Newspaper article The Canadian Press

Time Is Up on Changes to Refugee Health Care, Court Tells Government

Newspaper article The Canadian Press

Time Is Up on Changes to Refugee Health Care, Court Tells Government

Article excerpt

Feds lose bid to delay refugee health case


TORONTO - The Federal Court of Appeal has rejected the Conservative government's efforts to buy more time before implementing a new policy of health care for refugee claimants.

Ottawa had been seeking a stay of a Federal Court decision from July that gave it until next Tuesday to put in place a coverage system for refugee health care claims that is in keeping with the Constitution.

A Federal Court of Appeal judge has now turned down that request.

"The appellants' motion for an order staying the judgment ... is dismissed," Judge Wyman Webb wrote in the decision released late Friday.

A spokesman for Immigration Minister Chris Alexander was critical of the decision.

"Our government disagrees with the court's flawed decision and will continue to do what's necessary to protect the interests of Canadian taxpayers and genuine refugees," Kevin Menard said in an email.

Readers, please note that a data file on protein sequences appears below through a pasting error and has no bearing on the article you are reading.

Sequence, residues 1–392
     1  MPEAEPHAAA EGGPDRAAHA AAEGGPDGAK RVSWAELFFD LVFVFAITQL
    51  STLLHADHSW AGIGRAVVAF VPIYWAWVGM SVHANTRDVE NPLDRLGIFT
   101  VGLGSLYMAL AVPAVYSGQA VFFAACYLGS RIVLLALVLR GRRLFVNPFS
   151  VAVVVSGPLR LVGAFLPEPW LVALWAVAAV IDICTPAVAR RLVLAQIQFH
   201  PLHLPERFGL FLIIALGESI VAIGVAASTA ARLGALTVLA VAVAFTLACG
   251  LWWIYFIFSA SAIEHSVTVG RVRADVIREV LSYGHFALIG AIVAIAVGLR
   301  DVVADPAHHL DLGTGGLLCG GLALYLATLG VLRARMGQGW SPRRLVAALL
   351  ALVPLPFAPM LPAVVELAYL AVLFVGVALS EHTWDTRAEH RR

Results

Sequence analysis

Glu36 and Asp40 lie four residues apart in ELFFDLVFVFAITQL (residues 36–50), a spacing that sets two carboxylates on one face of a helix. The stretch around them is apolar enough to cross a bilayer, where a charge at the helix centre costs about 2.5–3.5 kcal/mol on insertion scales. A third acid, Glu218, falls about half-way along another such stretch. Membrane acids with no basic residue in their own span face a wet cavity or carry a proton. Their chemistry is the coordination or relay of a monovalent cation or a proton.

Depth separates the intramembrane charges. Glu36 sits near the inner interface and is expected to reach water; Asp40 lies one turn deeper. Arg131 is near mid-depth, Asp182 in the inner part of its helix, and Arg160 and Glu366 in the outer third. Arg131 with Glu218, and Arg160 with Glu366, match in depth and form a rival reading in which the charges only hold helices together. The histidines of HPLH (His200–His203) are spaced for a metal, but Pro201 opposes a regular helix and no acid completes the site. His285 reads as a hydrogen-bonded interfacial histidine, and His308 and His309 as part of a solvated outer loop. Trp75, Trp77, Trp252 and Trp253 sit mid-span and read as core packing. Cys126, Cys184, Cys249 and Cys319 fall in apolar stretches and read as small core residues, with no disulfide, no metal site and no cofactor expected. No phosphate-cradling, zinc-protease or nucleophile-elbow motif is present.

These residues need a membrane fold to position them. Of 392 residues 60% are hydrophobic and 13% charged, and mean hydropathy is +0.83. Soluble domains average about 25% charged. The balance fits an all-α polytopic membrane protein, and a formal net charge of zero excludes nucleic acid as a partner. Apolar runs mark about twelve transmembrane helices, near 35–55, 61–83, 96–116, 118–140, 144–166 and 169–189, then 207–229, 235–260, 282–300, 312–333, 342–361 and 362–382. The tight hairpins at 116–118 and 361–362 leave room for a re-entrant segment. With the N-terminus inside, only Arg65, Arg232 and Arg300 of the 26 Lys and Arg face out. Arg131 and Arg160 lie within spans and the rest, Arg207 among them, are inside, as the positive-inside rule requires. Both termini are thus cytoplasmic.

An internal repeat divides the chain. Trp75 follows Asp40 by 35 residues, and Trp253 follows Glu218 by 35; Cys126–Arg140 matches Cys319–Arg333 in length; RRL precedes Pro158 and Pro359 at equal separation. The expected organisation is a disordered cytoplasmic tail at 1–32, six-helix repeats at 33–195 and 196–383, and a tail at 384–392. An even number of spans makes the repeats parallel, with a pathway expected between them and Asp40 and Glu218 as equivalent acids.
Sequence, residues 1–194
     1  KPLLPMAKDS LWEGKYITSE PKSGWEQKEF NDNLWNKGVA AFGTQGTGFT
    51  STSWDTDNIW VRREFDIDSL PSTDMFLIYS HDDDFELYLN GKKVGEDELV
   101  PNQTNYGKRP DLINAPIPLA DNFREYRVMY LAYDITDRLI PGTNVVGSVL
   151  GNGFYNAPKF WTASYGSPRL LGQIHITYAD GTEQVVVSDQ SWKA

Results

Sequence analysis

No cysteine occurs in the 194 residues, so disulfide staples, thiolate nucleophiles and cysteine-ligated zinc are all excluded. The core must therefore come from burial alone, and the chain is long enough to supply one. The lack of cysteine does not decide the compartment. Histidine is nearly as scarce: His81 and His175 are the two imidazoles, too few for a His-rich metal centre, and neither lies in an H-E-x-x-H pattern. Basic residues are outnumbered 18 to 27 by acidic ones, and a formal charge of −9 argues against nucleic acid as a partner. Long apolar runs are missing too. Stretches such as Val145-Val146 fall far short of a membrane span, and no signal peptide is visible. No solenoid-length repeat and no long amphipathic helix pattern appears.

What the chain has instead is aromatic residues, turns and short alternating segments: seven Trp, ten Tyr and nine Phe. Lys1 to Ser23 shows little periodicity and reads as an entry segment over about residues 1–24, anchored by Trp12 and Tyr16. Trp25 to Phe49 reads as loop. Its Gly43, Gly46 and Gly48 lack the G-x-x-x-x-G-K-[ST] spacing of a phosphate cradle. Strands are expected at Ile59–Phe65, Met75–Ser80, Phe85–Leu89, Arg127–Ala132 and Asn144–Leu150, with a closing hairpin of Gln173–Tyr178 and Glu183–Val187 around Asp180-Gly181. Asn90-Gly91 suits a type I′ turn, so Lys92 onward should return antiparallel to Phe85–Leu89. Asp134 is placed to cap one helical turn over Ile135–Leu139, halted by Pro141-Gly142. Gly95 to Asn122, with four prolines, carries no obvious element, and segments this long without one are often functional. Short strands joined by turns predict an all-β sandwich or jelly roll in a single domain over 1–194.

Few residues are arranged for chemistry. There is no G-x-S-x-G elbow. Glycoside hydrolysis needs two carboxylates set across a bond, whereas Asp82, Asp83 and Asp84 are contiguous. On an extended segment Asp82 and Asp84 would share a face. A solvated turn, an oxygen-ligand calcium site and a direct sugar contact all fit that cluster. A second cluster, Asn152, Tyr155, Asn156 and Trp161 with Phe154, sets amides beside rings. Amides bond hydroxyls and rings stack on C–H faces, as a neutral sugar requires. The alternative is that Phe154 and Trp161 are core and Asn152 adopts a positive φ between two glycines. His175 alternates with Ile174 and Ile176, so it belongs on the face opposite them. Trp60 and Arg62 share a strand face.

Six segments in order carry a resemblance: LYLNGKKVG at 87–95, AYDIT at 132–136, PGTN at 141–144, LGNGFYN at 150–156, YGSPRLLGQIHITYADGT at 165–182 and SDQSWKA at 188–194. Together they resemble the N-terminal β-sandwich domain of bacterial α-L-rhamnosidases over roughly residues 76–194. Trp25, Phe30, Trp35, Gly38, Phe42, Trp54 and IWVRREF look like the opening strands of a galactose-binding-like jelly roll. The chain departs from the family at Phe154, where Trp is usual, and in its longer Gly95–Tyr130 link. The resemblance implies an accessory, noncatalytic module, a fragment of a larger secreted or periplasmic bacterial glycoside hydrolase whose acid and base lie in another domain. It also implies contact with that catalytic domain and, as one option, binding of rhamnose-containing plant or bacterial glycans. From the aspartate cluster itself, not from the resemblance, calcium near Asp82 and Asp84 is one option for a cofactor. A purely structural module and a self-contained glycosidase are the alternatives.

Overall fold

Lawyers for the refugee claimants who brought the case had argued the stay was unnecessary as the government could just revert to the pre-2012 system (referred to in Friday's decision as the 1957 program), which granted coverage to everyone.

The Conservatives had implemented a new refugee health care program in 2012 which drastically cut coverage and meted it out depending on the nature of the refugee claim itself.

They argued that since the old program is no longer operational, the four months given by the Federal Court to create a new one wasn't enough time.

In his decision, Webb said allowing the stay would have meant saddling affected refugees with reduced health-care coverage for an undetermined period while the case continued to churn through the courts.

"It seems to me that the effect of denying the stay (which would mean that the changes to the 1957 program ... would not be made) would be to defer these changes until the final resolution of the appeal, if the appellants are successful," he wrote.

"The harm that would be caused by reverting to the 1957 program . …

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